Yuri Kisil, 25 – Swimming
Wanting to make sure he’d be safe and comfortable in the water, Kisil’s parents started him in swim lessons at age eight. Despite winning multiple international medals, it wasn’t until the 2018 Pan Pacific Championship Kisil won his first individual medal, coming third in the 50-metre freestyle. He made his Olympic debut in 2016, competing in the 4×100-metre freestyle relay, 50-metre freestyle and 100-metre freestyle, where he was a semifinalist.
Caeli McKay, 22 – Diving
Mckay will be making her Olympic debut this year in Tokyo. She started diving at the age of six and placed third at the Winter Nationals when she was 14, reaching her first senior national podium.The 22-year-old moved away from her family at 16 to train in an environment that pushed her more in Montreal. Competing in both individual and synchronized diving, Mckay has placed in the top three in multiple international competitions including the Pan American games, Commonwealth Games and FINA World Cup.
Kelly McKee, 29 – Waterpolo
Mckee started playing water polo in Calgary at age 10 and represented Canada for her first time at age 15. She competed at the junior level for the first time in 2008 at the Junior Pan American Championships, where her team won gold. She has won three international silver medals including one at the Pan American games in 2019 which secured Canada a spot in the Tokyo Olympics.
Cole Pratt, 18, Swimming
Though he was originally born in Regina, the 18-year-old now lives in Calgary. Pratt made his international debut in 2018 at the Junior Pan Pacific Championships, winning bronze in the 200-metre backstroke. He finished second at the Candian Olympic Trials in June 2021 where he earned his spot on the Tokyo Olympic team. His older sister, Halle Pratt, is also on Canada’s Olympic team as a competitor in artistic swimming.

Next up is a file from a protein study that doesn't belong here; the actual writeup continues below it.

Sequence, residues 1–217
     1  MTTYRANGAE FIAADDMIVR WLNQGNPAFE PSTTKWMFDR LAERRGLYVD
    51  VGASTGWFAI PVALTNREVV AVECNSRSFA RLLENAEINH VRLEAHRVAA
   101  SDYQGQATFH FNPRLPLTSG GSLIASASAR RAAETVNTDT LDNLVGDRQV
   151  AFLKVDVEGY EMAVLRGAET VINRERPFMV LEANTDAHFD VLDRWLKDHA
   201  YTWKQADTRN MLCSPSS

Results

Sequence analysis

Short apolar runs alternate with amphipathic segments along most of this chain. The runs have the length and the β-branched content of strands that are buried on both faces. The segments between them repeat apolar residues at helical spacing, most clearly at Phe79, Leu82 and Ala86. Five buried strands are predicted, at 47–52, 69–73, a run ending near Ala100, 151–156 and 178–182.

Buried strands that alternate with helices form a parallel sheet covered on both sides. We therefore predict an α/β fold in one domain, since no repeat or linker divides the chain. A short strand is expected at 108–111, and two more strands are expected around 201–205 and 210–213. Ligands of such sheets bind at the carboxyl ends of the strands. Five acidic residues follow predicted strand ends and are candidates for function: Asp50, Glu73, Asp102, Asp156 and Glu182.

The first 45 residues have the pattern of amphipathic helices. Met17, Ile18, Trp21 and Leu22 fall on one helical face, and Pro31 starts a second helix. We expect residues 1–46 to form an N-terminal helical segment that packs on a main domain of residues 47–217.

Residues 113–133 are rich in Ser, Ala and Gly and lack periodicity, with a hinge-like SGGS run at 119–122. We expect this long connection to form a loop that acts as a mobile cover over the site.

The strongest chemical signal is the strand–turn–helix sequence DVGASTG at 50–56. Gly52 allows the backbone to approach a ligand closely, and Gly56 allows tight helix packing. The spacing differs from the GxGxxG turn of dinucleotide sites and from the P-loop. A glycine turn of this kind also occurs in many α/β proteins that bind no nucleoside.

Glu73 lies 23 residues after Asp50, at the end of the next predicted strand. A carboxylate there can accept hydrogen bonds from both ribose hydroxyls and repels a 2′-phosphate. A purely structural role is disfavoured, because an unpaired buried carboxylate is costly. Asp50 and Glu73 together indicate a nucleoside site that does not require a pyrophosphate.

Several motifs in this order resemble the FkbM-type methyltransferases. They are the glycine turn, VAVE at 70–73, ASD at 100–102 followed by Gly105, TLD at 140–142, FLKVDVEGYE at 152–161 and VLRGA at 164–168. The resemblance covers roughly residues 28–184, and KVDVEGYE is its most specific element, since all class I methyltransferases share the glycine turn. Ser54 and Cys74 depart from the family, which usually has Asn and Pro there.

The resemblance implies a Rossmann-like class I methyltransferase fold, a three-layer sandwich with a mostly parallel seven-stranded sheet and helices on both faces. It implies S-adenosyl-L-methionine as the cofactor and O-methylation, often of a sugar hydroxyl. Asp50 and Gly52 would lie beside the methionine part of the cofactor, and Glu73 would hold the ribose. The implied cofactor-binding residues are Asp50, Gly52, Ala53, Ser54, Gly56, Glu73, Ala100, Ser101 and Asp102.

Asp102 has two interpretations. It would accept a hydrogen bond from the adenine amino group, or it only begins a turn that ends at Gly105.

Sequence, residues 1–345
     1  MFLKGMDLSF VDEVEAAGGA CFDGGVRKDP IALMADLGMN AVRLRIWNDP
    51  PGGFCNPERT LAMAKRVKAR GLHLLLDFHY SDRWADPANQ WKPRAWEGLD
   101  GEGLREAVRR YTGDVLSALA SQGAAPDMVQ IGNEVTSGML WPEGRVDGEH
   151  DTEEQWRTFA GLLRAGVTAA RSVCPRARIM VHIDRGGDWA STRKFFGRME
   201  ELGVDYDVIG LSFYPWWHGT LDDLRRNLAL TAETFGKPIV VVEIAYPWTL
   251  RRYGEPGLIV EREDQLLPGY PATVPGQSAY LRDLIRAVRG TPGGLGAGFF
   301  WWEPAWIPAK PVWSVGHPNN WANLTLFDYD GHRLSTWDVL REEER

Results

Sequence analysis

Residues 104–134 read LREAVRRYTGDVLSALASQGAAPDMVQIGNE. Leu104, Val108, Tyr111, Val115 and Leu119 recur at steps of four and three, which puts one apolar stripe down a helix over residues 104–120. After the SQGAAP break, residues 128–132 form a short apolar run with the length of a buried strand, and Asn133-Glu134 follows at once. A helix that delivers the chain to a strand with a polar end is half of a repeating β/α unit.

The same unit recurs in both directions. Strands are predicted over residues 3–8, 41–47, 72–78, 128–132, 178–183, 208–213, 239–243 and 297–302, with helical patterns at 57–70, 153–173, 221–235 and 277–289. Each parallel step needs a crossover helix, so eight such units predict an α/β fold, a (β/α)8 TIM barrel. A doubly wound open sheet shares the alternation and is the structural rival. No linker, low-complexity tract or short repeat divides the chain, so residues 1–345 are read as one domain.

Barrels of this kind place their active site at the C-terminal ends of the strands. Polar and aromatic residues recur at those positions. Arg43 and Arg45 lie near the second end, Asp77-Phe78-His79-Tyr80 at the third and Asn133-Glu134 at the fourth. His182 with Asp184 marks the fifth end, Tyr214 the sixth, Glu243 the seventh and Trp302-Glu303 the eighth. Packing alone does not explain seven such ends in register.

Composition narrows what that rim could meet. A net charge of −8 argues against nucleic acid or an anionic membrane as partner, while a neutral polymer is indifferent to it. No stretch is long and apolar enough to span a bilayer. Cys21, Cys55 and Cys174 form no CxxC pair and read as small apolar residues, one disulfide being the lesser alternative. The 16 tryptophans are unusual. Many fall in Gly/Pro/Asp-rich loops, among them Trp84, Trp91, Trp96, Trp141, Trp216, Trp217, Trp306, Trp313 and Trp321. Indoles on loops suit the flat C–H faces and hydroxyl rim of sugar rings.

Halle Pratt, 21 – Artistic Swimming
Growing up in a family of swimmers, Pratt didn’t have the same love for racing so when she was seven she started artistic swimming. Pratt joined the national program in 2013 and senior national team in 2017. Pratt has won multiple international medals, including a team gold medal at the Pan American games in 2019,which secured her spot for the Tokyo Olympics. Her younger brother, Cole Pratt, will also be making his Olympic debut in Tokyo.
Graham Vigrass, 32 – Indoor Volleyball
Vigrass comes from a family of Olympians, as both his uncle and cousin competed for Canada, in 1984 and 2016. At just over 6 feet 7 inches, Vigrass played for the University of Calgary before going pro in 2013, competing in multiple countries across Europe. He became a full-time national team member during the 2012-13 season and made his Olympic debut in 2016 in Rio, where his team placed fifth. Vigrass was named the World Leagues Best Middle Blocker in 2017 and has won multiple international medals with team Canada.